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IN STEVENSON’S SAMOA

CHAPTER I

FIRST DAYS IN SAMOA

• You have taken your amber necklace ? That's right. You will find it most useful. Flowers also are greatly worn.' So said a friend who had visited Samoa, as he bade us adieu on our departure from Sydney for those islands. Our spirits were further cheered by his brother saying, 'I hear any white people who are there live in the most simple manner. All eat out of one large bowl in the middle of the floor, and fight over bones in corners, gnashing their teeth and growling. Then, in a renzy of hospitality, they rush out into the jungle,

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tear up roots with their teeth, and, bringing them in, lay them in front of you!!

So right in the teeth of a N.E. gale we started -my friend and I, the only women on board a little German ship, and, passing out between the Heads of Sydney Harbour, we plunged into the great Pacific Ocean. The hopes of our skipper that the gale we encountered was local, and that when fifty miles beyond the Australian coast we should sail out of it, were not realised, for as we proceeded on our voyage the storm increased, and the height of its fury was reached after we had passed Lord Howe and Norfolk islands. For three days and nights the tempest raged, and it would require a Clark Russell to describe the terrible hurricane that our little ship braved and weathered triumphantly. A marvellous feeling of luxury and peace pervaded our small world when, after about eight days, the winds and waters subsided and, the unholy noises-quite the worst part of a storm at sea -being silenced, our skipper beamingly announced he was going to have a bath. Poor man ! he had not taken his clothes off during those three awful nights.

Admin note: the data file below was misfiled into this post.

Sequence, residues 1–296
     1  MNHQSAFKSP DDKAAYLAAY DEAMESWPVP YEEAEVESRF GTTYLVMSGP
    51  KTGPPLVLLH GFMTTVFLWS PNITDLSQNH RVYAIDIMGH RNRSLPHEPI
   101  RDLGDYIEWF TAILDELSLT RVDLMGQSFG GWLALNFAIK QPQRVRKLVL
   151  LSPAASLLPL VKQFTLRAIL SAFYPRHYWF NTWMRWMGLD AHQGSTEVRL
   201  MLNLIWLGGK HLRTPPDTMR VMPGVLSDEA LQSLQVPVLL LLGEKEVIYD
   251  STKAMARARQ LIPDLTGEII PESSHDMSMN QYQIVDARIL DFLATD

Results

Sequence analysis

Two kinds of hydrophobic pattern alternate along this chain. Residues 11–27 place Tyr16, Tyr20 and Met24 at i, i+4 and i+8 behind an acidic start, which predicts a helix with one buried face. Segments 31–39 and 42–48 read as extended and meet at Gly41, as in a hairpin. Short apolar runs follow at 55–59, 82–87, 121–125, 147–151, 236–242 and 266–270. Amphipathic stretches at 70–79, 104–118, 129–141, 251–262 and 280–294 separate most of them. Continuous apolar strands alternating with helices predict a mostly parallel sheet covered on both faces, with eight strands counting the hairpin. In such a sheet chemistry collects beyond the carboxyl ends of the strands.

After several weeks of delightful cruising in the Pacific, visiting beautiful tropic islands, one morning the sun rose like a ball of fire, flooding the world with a golden lustre, and out of the ocean, regal in its colouring of purple and gold in the early light, we saw far away in the distance the rugged outline of the Samoan, or Navigator Islands, a complete contrast to the last group we had visited—the Friendly Islands, with their smooth turf roads, so good for riding and driving, and innumerable atolls, showing only a few feet above the waves and fringed with a continuous line of cocoa palms that turned and ruffled, tossing their feathery branches in the breeze. The Samoan Islands, Savaii, Upolu and Tutuila, rise out of the sea to an altitude of from four to five thousand feet, the great undulating slopes of the mountains densely clothed with forest, which in many places crowns the very topmost ridges and waves clear against the blue sky, while round the base innumerable coral bays gleam white in the fierce

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